The growing concentration of the world’s wealth has been highlighted by a report showing that the 26 richest billionaires own as many assets as the 3.8 billion people who make up the poorest half of the planet’s population.
World’s richest 26 own same wealth as poorest half
In an annual wealth check released to mark the start of the World Economic Forum in Davos, the development charity said 2018 had been a year in which the rich had grown richer and the poor poorer, reports the Guardian.
It said the widening gap was hindering the fight against poverty, adding that a 1% wealth tax would raise an estimated 418 billion $ a year – enough to educate every child not in school and provide healthcare that would prevent three million deaths.
Billionaires around the world, who have almost doubled in number since the 2008 global financial crisis, saw their combined fortunes grow by $2.5bn a day, while the 3.8 billion people at the bottom of the scale saw their wealth decline by 11 percent in 2018, said the UK-based charity’s annual inequality report.
In the 10 years since the financial crisis, the number of billionaires has nearly doubled, Oxfam said, adding between 2017 and 2018, a new billionaire was created every two days.
The world’s richest man, Jeff Bezos, the owner of Amazon, saw his fortune increase to 112 billion $. Just 1% of his fortune is equivalent to the whole health budget for Ethiopia, a country of 105 million people.
Analysts found that 3.4 billion people have barely escaped extreme poverty and are living on less than $5.50 a day while making the gap between the rich and the poor even deeper. This all is starting to undermine the fight against poverty, damaging economies, and increasing public anger.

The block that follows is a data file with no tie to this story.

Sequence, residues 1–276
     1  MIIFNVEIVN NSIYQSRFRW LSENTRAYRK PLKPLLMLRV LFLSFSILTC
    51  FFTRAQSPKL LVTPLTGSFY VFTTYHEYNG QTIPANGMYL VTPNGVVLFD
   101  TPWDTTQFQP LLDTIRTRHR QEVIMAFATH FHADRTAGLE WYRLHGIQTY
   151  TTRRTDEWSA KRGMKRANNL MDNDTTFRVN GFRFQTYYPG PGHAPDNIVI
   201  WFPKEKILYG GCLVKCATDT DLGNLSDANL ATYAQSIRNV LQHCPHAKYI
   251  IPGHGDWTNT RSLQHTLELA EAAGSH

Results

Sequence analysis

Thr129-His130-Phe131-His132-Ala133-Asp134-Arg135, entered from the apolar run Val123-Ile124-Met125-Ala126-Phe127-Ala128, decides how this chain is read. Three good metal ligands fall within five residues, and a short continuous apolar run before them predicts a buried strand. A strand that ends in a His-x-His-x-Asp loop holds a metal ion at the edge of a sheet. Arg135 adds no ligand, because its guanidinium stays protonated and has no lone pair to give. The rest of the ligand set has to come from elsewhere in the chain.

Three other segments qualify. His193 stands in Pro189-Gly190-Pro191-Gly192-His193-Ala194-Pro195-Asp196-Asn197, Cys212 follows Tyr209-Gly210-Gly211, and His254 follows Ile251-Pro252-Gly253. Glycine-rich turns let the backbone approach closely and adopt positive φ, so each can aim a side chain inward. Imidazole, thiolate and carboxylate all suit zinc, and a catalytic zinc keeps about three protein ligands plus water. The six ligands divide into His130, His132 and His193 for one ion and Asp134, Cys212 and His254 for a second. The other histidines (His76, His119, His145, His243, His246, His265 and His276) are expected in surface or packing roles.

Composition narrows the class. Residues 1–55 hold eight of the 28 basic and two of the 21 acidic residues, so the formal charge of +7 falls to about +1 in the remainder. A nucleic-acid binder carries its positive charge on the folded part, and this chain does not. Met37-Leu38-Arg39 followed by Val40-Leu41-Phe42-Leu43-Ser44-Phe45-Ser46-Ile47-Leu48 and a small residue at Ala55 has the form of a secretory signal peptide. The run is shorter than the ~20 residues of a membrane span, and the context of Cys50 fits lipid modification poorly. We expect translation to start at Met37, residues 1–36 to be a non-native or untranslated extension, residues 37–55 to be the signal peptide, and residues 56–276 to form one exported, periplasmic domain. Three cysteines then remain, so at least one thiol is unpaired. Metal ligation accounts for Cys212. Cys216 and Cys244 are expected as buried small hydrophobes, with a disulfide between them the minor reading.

As a result, the report concluded, the number of billionaires owning as much wealth as half the world’s population fell from 43 in 2017 to 26 last year. In 2016 the number was 61.
So summing up the findings about the seriously disturbing gap between the richest people and the poorest:
- In the 10 years since the financial crisis, the number of billionaires has nearly doubled.
- Between 2017 and 2018 a new billionaire was created every two days.
- The world’s richest man, Jeff Bezos, the owner of Amazon, saw his fortune increase to $112bn.
- The poorest 10% of Britons are paying a higher effective tax rate than the richest 10% (49% compared with 34%) once taxes on consumption such as VAT are taken into account.
Inequality is jeopardising society’s progress
Oxfam’s director of campaigns and policy, Matthew Spencer, said: “The massive fall in the number of people living in extreme poverty is one of the greatest achievements of the past quarter of a century but rising inequality is jeopardising further progress.
He also added that “The way our economies are organised means wealth is increasingly and unfairly concentrated among a privileged few while millions of people are barely subsisting. Women are dying from the lack of decent maternity care and children are being denied an education that could be their route out of poverty. No one should be condemned to an earlier grave or a life of illiteracy simply because they were born poor.
The report noted that many governments are deepening this inequality by not making enough investments in public services. Astonishingly 10.000 people die daily due to the lack of healthcare and there were 262 million children not in school, often because their parents were unable to afford the fees, uniforms or textbooks.
Oxfam also said governments needed to do more to fund high-quality, universal public services through tackling tax dodging and ensuring fairer taxation, including on corporations and the richest individuals’ wealth, which it said were often undertaxed.